The Influence of Target Family and Functional Activity on the Physicochemical Properties of Pre-Clinical Compounds

2006-05-18T00:00:00Z (GMT) by Richard Morphy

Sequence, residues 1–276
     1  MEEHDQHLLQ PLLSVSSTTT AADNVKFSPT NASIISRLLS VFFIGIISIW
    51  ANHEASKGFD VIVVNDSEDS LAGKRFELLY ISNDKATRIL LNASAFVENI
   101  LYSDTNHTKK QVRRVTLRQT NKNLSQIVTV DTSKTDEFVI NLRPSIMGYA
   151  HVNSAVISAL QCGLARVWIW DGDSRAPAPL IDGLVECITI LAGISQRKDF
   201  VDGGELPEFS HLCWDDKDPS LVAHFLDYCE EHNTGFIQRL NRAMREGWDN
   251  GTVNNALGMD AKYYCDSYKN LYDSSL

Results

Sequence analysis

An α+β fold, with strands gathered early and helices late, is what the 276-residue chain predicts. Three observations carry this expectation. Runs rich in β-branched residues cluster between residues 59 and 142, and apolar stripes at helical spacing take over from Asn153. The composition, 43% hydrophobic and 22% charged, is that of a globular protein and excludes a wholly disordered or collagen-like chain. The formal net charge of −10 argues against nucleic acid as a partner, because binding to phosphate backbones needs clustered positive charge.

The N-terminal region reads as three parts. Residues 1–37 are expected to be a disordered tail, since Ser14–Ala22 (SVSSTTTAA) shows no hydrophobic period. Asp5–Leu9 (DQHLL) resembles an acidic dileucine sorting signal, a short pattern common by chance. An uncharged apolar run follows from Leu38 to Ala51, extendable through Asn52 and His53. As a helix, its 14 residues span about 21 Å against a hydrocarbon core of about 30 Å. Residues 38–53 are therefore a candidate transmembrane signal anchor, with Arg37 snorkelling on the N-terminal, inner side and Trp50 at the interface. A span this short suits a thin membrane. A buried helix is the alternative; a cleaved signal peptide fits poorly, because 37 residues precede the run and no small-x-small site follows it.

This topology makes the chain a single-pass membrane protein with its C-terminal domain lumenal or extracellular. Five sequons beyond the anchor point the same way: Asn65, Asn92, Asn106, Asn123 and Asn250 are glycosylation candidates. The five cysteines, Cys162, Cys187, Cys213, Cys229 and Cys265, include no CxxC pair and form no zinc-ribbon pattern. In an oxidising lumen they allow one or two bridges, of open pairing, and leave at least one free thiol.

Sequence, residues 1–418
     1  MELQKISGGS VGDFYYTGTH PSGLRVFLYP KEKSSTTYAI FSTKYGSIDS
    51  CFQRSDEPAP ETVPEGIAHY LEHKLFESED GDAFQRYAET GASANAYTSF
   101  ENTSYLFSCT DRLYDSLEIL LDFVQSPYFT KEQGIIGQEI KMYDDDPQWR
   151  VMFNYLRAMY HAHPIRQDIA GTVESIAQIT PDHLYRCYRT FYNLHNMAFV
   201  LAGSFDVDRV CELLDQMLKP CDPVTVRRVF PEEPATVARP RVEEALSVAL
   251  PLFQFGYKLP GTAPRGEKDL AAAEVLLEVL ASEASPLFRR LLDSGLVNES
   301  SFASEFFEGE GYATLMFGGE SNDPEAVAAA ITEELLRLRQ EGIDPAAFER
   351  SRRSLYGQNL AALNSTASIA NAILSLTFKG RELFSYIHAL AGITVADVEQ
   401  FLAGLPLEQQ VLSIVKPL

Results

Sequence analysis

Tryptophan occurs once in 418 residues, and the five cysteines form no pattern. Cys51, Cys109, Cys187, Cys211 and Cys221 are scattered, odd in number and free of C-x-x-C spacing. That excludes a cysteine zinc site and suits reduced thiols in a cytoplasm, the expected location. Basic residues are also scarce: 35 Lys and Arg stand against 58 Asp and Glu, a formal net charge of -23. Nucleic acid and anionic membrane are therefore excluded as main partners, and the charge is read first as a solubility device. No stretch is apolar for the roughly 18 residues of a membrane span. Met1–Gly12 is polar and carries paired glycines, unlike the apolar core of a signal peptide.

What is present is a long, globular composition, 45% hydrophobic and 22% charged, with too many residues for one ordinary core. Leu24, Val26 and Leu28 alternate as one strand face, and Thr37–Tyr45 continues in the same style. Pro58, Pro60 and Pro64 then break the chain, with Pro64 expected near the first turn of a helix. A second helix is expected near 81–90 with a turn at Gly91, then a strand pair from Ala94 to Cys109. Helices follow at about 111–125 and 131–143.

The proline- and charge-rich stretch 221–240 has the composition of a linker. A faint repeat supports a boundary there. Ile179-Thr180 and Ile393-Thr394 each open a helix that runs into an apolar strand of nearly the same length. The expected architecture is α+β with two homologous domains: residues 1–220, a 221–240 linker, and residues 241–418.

The target families of greatest interest in drug discovery can be differentiated on the basis of the physicochemical properties of their pre-clinical ligands. The ligands for peptidergic targets, such as peptide GPCRs and integrin receptors, possess significantly higher median property values than those for aminergic targets, such as monoamine transporters and GPCRs. The ligands for peptide GPCRs were found to be less efficient, in terms of their binding energy per unit of molecular weight or lipophilicity, than ligands for monoamine GPCRs. The changes in the property values during the optimization process were found to vary only slightly across the target families, with the main determinant of the drug-likeness of the optimized compounds being the profile of the starting compounds. Agonists for monoamine GPCRs, opioid receptors and ion channels were typically smaller and less lipophilic than the antagonists, but there was no difference between the agonists and the antagonists for peptide GPCRs and nuclear receptors.